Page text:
Getting to Carnegie Hall takes practice, practice, practice. Getting to Carnegie Deli, located an arm’s length away from New York’s hallowed bastion of talent, merely takes a gargantuan appetite. Of course, having lots of practice eating astonishing amounts of delicious food helps too. Meat is king here and Carnegie Deli’s fabled corned beef is the jewel in its delectable, mouth-watering crown.
The Cure for What Ails You
The deli sandwiches at this bustling, Seventh Avenue restaurant each contain an astonishing full pound of meat. But this is not just any meat. The deli’s legendary melt-in-your-mouth corned beef is lovingly cured on the premises for two solid weeks — a ton at a time — using an old-world recipe proprietary to former owner, Leo Steiner, who died in 1987. Steiner, along with partner Milton Parker, put the Carnegie Deli on the map. Parker’s descendants own and manage the Deli to this day.
Carnegie Deli serves a variety of corned beef sandwiches, many of which are named for popular Broadway shows and New York-centric movies. One of the deli’s most popular sandwiches is the overstuffed and juicy “Woody Allen,” an homage to his movie “Broadway Danny Rose,” which was partially filmed in the deli’s interior. The mile-high sandwich elegantly combines corned beef and pastrami on fresh and fragrant rye bread.
Not to be missed is the classic “Carnegie Famous Reuben,” an open-styled sandwich of piled-high corned beef, turkey or pastrami smothered in sauerkraut and drenched in melted Finlandia Swiss cheese. Other corned beef combo delights include the “Jeffrey P’s Tatalah,” sweetly flavored with cole slaw and Russian dressing on practically black pumpernickel; the Corned Beef Hash and the Corned Beef and Egg Sandwich for breakfast lovers with an appetite. If you think your tummy can take the strain, make sure to include a scrumptious side dish of a homemade, giant meat knish layered with corned beef and pastrami — mustard and pickles not optional.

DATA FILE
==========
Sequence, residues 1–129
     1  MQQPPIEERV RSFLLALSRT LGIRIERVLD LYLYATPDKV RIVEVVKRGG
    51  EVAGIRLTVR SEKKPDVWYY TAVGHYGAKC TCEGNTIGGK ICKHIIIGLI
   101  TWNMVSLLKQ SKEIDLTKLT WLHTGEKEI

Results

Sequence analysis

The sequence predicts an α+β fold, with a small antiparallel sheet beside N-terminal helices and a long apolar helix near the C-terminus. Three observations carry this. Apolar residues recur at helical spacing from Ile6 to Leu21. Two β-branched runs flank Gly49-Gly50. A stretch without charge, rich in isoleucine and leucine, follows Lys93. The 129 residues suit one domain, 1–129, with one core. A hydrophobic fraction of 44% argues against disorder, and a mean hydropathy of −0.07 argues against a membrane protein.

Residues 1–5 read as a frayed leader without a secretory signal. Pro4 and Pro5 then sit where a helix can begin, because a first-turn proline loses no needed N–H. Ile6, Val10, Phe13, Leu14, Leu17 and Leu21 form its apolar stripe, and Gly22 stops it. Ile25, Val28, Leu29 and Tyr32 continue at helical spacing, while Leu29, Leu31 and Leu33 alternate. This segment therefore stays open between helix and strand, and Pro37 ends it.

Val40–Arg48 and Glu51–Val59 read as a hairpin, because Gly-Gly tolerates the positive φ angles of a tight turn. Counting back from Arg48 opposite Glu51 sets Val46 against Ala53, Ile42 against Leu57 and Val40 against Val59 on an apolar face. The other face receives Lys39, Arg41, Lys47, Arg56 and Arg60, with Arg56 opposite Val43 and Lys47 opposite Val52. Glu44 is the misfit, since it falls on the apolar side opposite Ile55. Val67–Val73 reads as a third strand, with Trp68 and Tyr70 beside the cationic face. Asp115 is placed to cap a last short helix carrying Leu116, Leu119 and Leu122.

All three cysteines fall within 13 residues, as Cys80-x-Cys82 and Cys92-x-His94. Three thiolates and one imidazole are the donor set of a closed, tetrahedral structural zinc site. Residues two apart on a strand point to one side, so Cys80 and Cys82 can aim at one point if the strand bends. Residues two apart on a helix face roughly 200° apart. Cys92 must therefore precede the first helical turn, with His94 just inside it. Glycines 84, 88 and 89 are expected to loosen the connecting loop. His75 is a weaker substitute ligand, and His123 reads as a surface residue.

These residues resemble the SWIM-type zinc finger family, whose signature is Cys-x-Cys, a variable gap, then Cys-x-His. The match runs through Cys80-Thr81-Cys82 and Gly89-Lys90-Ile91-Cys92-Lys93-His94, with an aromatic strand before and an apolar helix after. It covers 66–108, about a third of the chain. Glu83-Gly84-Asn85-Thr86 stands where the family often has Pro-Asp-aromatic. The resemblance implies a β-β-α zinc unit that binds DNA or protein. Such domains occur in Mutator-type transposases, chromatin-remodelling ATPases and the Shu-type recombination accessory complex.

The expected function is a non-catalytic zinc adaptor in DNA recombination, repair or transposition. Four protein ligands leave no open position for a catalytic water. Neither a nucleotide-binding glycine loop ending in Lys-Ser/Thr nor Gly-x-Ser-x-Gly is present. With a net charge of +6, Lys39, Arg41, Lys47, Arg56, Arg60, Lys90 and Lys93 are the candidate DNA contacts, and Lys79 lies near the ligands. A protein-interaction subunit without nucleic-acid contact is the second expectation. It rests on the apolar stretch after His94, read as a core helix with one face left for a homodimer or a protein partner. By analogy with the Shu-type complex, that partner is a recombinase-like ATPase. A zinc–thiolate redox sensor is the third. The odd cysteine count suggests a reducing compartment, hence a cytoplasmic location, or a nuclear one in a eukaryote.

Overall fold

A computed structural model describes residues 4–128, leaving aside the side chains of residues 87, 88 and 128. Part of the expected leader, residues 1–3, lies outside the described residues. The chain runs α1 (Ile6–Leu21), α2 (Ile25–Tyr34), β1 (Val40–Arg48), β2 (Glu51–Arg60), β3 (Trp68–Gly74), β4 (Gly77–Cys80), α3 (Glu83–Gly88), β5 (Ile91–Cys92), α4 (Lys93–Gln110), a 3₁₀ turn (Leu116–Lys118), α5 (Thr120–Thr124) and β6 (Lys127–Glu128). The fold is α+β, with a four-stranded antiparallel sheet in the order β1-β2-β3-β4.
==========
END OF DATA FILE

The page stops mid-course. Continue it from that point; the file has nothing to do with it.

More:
Where the Stars Go to Eat
The deli’s location, coupled with its unparalleled food and mock-surly service has made it a favorite of celebrities whose autographed photos blanket the walls. Here you may catch a glimpse of Adam Sandler who immortalized the deli in his popular “Chanukah Song,” as well as performers of stage and screen and athletes who live in or visit New York. The deli is also a popular hangout for CBS News reporters and was a favorite of recently deceased, legendary 60 Minutes reporter Bob Simon.
The deli’s popularity among the famous goes back for decades. Comedian Henny Youngman, famous for his one liners, was an avid fan and called Steiner the “deli lama” in his eulogy of the meat maven.
Location, Location, Location
While none can equal the atmosphere of the New York digs, Carnegie Deli has opened up several restaurants in other states, including a cozy hole-in-the-wall with an abbreviated menu in Connecticut’s Foxwoods Casino, a full scale restaurant in the Mirage Hotel on Las Vegas’ legendary Strip and a family-centric option in New Jersey’s Six Flags Great Adventure amusement park.
Corey Whelan is a freelance writer in New York. Her work can be found at Examiner.com.